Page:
So here’s what you need to do if you’re still reading.

Start learning what an interval is. Start learning how chords and scales are made. And start seeing how all of this works in the music you already love.

Unless your favorite artists just make a bunch of atonal noise, you’re going to find material that’s influenced by the major and minor harmonies that run rampant through all of music.

And the more you understand this stuff, the more control you’ll have over the sound of your playing.

But if you’re not wanting to do anything more than cover other people’s songs from a tab book then don’t worry about it.

Theory is for people who want to make their own riffs and solos, and learn how their favorite artists did it.

And if you’re still calling bullshit on this, and just picking apart this article to confirm the false idea that this isn’t necessary, then let me ask another question…….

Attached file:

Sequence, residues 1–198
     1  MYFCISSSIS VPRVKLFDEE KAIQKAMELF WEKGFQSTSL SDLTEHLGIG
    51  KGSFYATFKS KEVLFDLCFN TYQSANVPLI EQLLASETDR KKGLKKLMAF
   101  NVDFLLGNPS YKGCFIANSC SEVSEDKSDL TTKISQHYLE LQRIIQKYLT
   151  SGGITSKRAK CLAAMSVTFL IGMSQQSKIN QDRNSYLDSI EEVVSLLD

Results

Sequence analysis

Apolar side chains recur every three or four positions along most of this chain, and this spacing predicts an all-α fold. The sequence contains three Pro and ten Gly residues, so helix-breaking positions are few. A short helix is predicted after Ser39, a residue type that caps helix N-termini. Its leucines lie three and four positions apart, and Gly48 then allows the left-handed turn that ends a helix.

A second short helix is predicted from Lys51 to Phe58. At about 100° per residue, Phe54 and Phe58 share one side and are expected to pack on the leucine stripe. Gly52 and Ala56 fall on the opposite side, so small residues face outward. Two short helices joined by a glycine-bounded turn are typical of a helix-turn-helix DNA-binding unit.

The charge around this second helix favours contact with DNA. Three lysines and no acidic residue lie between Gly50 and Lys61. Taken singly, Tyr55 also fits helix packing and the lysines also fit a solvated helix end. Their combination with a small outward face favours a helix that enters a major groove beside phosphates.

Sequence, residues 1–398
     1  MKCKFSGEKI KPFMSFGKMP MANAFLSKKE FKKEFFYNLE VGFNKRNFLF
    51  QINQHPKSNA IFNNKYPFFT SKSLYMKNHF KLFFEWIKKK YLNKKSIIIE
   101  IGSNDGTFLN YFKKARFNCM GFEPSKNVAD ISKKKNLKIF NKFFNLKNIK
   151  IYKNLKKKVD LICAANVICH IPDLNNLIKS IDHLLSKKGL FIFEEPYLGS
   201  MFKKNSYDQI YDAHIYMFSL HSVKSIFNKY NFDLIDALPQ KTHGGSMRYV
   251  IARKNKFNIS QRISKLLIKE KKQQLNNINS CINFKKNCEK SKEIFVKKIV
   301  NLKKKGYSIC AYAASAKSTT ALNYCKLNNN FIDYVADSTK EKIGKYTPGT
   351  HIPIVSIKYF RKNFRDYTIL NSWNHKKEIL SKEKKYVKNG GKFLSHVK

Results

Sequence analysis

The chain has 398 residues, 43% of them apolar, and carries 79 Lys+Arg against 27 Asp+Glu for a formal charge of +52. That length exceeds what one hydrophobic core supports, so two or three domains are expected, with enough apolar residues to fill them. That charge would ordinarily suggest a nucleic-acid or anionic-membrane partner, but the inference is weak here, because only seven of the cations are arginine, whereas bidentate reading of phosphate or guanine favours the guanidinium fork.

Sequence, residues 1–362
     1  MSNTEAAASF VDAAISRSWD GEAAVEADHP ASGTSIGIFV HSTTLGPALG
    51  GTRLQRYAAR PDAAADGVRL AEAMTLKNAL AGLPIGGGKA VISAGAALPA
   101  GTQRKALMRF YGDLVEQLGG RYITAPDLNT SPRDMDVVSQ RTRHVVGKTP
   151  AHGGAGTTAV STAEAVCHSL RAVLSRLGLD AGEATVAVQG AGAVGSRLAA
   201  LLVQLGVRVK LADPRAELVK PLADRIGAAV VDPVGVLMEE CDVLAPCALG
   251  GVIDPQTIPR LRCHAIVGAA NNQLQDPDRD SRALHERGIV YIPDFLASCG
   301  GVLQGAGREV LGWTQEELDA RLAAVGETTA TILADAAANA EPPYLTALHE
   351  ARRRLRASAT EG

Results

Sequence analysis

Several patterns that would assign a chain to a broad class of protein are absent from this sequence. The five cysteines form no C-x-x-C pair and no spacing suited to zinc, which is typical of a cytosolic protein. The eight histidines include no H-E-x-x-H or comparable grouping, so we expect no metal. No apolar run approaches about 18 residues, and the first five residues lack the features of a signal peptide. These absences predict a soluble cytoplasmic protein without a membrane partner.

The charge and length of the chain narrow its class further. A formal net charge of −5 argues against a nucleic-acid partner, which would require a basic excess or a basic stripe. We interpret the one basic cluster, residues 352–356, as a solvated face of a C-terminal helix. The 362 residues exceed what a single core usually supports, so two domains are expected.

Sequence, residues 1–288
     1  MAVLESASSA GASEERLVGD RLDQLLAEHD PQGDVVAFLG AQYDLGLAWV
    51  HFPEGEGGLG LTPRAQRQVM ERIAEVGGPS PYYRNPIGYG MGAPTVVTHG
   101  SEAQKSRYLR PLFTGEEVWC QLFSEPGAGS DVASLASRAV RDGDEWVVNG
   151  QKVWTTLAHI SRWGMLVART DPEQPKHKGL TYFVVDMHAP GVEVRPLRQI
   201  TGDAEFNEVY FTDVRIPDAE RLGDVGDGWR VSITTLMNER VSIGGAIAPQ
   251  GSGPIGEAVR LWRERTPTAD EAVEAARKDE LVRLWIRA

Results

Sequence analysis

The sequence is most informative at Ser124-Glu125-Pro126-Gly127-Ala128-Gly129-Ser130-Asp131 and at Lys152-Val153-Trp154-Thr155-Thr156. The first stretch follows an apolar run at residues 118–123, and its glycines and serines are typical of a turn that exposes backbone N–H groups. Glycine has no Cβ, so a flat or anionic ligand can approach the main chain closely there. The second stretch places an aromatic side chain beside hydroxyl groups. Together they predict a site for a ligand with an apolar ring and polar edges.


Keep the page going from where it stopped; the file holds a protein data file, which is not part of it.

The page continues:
If music is so easy to make for you, why can’t you write a song as good as “Smells Like Teen Spirit?”

Simple question.

Why not?


If you’re honest with yourself, you’ll know this is important.

You’ll know that the more you know about harmony and rhythm, the more you’ll know about how any song will work.

You’ll know that any solo or riff is within your reach once you can break it down and understand how it works.

Every other discipline goes through this, but would-be musicians often trick themselves into believing it’s not important.

Don’t be one of those guys, alright?